The power of attorney was marked signed at 29 St Vincent Street, Port-of-Spain, on May 5, 2005, by then Clico directors Roger Duprey (a cousin of Lawrence) and Peter Salvary. Salvary later denied ever seeing the document.
Days after the document’s date, the then Clico board (Lawrence Duprey, Fifi, Roger Duprey, Kerston Coombs, Monteil, Salvary, Neil Jones and John Martin) was replaced with a new board on May 2, 2005, as part of a purported restructuring exercise. Duprey, however, was later returned to the Clico board. Fifi stayed on at CLF until 2009. Key officials at CLF and Clico, however, remained unaware of the power of attorney right up to 2009.
Fifi admits that one transaction, the nearly $2 billion Lascelles de Mercado Jamaica drinks deal, placed incredible stresses on the group.
“I think that CL would have been liquid enough to meet the demands of depositors if it had not entered into the Lascelles de Mercado transaction,” Fifi says.
“It was a double jeopardy situation because in entering that transaction, CL was adding to what it was borrowing and taking away from its assets and ability to repay in light of the liquidity situation compounded by the global financial crisis.” While lawyers for Duprey have sought to build the argument that Duprey largely delegated responsibility for day to day management, and left things like Lascelles in the hands of others, such as former CLF finance director Michael Carballo, Fifi makes clear the driving role Duprey had in the matter.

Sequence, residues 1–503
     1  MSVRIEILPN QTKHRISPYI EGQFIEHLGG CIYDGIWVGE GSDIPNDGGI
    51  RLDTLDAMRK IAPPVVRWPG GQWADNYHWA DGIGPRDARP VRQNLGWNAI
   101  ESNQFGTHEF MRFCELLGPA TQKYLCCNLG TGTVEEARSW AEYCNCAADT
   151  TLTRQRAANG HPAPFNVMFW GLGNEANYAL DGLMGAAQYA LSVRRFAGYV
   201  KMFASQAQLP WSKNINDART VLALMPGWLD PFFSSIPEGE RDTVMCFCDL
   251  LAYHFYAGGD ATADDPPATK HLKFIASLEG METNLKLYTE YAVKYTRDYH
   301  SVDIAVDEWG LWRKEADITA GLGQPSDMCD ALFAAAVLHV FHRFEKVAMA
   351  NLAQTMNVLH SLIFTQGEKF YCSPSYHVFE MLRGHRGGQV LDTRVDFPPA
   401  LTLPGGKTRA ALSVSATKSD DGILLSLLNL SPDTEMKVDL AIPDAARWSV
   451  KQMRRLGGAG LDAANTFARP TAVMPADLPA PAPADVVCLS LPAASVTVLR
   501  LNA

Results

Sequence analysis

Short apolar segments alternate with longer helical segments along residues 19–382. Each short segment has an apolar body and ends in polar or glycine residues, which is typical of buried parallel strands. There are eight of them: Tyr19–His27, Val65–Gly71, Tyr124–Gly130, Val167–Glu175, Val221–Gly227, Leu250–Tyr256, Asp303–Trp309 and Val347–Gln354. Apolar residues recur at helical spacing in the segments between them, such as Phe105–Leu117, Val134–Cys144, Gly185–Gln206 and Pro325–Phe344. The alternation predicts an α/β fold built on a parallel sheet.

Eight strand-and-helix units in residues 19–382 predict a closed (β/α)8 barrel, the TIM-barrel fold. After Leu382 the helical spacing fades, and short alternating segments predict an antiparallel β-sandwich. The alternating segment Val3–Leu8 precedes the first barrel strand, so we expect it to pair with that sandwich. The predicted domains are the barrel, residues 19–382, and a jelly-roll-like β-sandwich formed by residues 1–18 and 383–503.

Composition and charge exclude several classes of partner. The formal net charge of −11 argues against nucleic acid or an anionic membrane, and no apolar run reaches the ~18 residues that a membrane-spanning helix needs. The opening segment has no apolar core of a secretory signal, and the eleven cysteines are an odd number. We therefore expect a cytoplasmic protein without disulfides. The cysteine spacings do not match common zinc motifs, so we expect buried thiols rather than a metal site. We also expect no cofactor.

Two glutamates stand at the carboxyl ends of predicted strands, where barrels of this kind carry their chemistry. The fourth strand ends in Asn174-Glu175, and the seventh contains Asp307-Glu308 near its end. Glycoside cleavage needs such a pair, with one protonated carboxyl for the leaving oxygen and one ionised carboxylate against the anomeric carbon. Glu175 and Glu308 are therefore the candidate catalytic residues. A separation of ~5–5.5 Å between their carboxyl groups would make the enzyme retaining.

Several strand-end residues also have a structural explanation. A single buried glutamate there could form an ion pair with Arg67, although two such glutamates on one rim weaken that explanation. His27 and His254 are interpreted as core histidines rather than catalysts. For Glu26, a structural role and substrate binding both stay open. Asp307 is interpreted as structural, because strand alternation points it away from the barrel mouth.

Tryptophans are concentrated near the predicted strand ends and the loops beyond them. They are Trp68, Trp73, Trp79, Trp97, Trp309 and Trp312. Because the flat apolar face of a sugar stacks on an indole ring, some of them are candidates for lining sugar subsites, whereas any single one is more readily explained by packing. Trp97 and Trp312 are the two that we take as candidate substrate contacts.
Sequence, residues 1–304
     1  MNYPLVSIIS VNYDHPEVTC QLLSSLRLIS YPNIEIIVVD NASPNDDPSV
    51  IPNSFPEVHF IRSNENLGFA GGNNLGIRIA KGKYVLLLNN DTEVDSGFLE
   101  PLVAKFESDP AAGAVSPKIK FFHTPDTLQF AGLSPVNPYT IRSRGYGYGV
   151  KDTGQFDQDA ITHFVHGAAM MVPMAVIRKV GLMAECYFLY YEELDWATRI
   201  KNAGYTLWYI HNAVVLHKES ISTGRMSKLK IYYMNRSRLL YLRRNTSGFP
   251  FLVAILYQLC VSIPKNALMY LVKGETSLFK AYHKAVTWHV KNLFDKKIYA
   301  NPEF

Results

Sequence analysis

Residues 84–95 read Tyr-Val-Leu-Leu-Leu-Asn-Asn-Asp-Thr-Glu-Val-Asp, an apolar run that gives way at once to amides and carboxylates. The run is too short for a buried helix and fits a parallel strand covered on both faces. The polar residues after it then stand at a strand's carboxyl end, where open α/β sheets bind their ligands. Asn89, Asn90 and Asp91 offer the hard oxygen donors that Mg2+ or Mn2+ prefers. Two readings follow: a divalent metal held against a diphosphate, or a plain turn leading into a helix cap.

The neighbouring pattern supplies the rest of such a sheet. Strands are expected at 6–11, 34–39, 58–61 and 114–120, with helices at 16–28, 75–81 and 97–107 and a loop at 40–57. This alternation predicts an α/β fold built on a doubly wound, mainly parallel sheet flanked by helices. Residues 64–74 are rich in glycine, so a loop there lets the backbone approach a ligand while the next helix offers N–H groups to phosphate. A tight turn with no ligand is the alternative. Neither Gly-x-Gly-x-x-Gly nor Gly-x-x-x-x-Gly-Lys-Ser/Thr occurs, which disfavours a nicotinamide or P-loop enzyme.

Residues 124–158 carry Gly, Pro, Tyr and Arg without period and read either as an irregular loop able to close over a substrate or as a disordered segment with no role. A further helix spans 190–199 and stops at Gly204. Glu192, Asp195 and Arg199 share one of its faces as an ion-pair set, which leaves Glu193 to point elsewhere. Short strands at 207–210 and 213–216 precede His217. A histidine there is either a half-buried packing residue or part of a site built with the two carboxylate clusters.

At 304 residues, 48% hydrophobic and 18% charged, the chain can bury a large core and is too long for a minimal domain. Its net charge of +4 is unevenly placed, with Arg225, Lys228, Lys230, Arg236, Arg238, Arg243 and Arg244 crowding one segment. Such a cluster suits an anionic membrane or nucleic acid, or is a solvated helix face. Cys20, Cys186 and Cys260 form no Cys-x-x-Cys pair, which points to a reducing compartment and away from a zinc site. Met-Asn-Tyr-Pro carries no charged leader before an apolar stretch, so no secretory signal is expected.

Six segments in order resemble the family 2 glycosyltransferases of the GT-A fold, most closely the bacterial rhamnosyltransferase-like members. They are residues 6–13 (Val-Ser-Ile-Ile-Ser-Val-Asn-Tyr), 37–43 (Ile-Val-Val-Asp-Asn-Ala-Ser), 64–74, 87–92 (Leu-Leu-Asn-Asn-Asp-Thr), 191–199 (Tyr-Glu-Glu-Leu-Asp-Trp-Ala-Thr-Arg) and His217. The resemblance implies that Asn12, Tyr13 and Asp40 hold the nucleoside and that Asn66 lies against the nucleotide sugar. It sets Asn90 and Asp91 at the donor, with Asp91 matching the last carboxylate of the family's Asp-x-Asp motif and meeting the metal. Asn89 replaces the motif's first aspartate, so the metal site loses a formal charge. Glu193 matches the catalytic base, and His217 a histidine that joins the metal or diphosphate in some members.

“On the surface, it looked like a good match and a healthy deal. Lascelles de Mercado was operating in sectors very similar to CLF,” Fifi says.
“The decision still seems rational, but I am not aware of the full details of structuring the financing and so forth. Mr Duprey would say that in a race you have to be in the first two or you are not in the race. Mr Duprey would also say that in sectors such as the drinks sector, you have to deal with the larger players in order to get into global markets.” The handling of dividends was not the only thing the board was in the dark about. Fifi confirmed the MoU itself was never brought to the board.
“The MoU was presented as a fait accompli,” he says.
“I am of the opinion that if the board was presented with timely and adequate information, certain steps could have been taken in an effort to avert the crisis. These steps could have included the liquidation of certain assets to meet the cash shortfall.” Meanwhile, while Fifi’s Barbados-registered company, Premium Management International (PMI) Limited, got millions in payments from 2004 to 2008 from Home Construction Limited, the company was not registered in this country as an external company.
That registration would come in 2008, according to documents seen by Sunday Newsday, the same year Fifi sold the two-employee company — which held property — to HCL for $30 million, and had its debt taken on by HCK for $22 million.
PMI was at the centre of revelations last week around a rich basket of payments totalling $200 million which, according to evidence heard at the Colman Inquiry, were made to firms tied to Fifi.